IRG Documents Database and Compendium


Search and Download IRG Documents:



Between and , sort by


Displaying your search results

Your search resulted in 4 documents.


Safe application of copper-chrome-arsenate preservatives
1975 - IRG/WP 377
All wood preservatives contain biologically active substances and must, by design, be in some measure toxic to man. There is nothing fundamentally difficult, however, about using a wood preservative with complete safety. It depends on knowing the risks to health and/or the environment, which the preservative may present, and planning application accordingly. In this paper we examine these and other factors for copper-chrome-arsenate (CCA) preservatives applied in vacuum/pressure plants. We review briefly the toxicological properties of the components and their joint action; the contribution which design and the operation of plant make to safe treatment; also the training of plant operators, to ensure that the potential risks in applying CCAs are fully understood. We shall consider the functions of product labelling; to advisc others - concerned with transport - of the nature of preservatives, especially concentrates. The importance is emphasised of being able, by prior planning, to act swiftly and effectively to deal with any unforeseen emergencies, however infrequent these may be. This paper is not concerned with any risks to man and other animals arising from use of CCA-treated wood. After treatment, fixation leaves the preservative components less readily available as contaminants of the environment.
I N Stalker, P B Cornwell


Modélisation sur maquette du rejet accidentel d'un gaz toxique et inflammable dans l'atmosphere - Emission de type "bouffée d'oxyde d'éthyléne [Water model simulation of toxic and flammable gases in the environment on industrial sites - Puff of ethylen oxide]
1990 - IRG/WP 3576
M Milhe


Proposal for co-operative work. Testing the ability of accidentally introduced tropical insects to survive the cold season in Europe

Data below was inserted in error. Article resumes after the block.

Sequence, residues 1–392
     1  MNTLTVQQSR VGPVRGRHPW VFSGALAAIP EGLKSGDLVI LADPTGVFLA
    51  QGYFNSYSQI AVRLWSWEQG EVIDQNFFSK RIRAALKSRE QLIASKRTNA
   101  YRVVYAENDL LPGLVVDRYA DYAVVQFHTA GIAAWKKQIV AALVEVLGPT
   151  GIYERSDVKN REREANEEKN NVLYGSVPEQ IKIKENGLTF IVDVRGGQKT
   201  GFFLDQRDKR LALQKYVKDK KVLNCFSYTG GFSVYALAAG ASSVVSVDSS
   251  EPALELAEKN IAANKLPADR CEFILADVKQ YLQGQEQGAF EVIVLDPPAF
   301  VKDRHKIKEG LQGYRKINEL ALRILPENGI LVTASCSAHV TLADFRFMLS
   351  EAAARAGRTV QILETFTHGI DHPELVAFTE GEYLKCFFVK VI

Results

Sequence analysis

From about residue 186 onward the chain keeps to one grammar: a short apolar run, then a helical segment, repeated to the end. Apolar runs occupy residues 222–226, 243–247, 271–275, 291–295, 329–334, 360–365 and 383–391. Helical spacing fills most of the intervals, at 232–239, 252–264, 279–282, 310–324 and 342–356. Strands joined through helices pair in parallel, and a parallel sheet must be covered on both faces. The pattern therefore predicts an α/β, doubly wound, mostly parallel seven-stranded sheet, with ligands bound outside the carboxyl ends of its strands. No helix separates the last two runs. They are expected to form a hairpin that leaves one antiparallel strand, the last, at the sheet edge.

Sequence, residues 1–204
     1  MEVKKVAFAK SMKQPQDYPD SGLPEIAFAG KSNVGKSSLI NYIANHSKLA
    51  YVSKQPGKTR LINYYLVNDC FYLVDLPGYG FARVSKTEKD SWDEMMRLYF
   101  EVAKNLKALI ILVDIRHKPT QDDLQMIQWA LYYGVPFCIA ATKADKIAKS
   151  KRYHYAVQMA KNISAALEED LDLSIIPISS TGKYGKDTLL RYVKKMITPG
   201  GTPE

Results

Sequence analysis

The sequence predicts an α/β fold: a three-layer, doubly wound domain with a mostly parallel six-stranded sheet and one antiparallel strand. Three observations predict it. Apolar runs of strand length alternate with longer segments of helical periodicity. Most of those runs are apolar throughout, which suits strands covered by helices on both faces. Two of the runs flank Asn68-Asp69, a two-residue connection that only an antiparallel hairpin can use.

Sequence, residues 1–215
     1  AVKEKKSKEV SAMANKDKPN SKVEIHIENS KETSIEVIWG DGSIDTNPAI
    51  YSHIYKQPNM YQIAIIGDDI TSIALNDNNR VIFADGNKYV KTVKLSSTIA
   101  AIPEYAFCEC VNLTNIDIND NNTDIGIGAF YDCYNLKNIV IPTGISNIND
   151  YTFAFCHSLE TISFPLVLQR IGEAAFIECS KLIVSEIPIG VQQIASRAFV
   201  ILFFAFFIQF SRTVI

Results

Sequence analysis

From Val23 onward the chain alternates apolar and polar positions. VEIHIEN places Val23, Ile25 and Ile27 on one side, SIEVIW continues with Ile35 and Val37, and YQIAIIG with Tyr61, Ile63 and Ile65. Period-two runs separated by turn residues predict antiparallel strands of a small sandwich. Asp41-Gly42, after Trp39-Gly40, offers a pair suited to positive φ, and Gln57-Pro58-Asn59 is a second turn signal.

1976 - IRG/WP 155
By hibernation-experiments in the past it was found that not only the low temperatures may become fatal by freezing. In some experiments we found indications that larvae died by starvation. For example Lyctus africanus-larvae did so in some years with a cold winter (mean above 0°C). If you like to take starvation as a reason for death into account it may be useful to withdraw pieces of infested wood after different times of hibernation or to add new material later.
S Cymorek


Accidental mold/termite testing of high density fiberboard (HDF) treated with borates and N’N-naphthaloylhydroxylamine (NHA)
2003 - IRG/WP 03-10462
High density fibreboard (HDF) was made from beech and pine furnish (50:50) and treated with boric acid (0.1-3%), borax (0.1-3%) or N'-N-(1,8-naphthalyl) hydroxylamine (NHA) (0.1-1%) prior to gluing with urea formaldehyde (UF) resin in order to determine resistance to Eastern subterranean termites (Reticulitermes flavipes Kollar), the most economically important termite species in North America. HDF and southern yellow pine (SYP) sapwood specimens were tested in a modified no-choice soil-block test normally used for fungal decay tests for 5 weeks. Within the first week of incubation, all HDF specimens were heavily overgrown with a variety of mold fungi. This same contamination was not seen in regular SYP specimens tested under the same conditions. Mold contamination did not appear to inhibit termite attack in any measurable way. Weight loss in control HDF specimens was 28% after 5 weeks while weight loss in control SYP was 12% under similar test conditions. Selected treatments with boric acid, borax, didecyl dimethyl ammonium chloride (DDAC) and NHA reduced termite attack in HDF and SYP specimens below 5% weight loss. Synergy was not observed for boron containing compounds and NHA. We conclude that i) soil contact accelerates HDF mold contamination and termite damage in the absence of termidicides ii) HDF made with UF is more susceptible to moisture acquisition and mold contamination than SYP iii) NHA does not act as a mildewcide iv) 3% borates retard both mold and termite damage; and v) HDF is less durable, and requires more preservative to protect, than SYP.
S N Kartal, H H Burdsall Jr, F Green III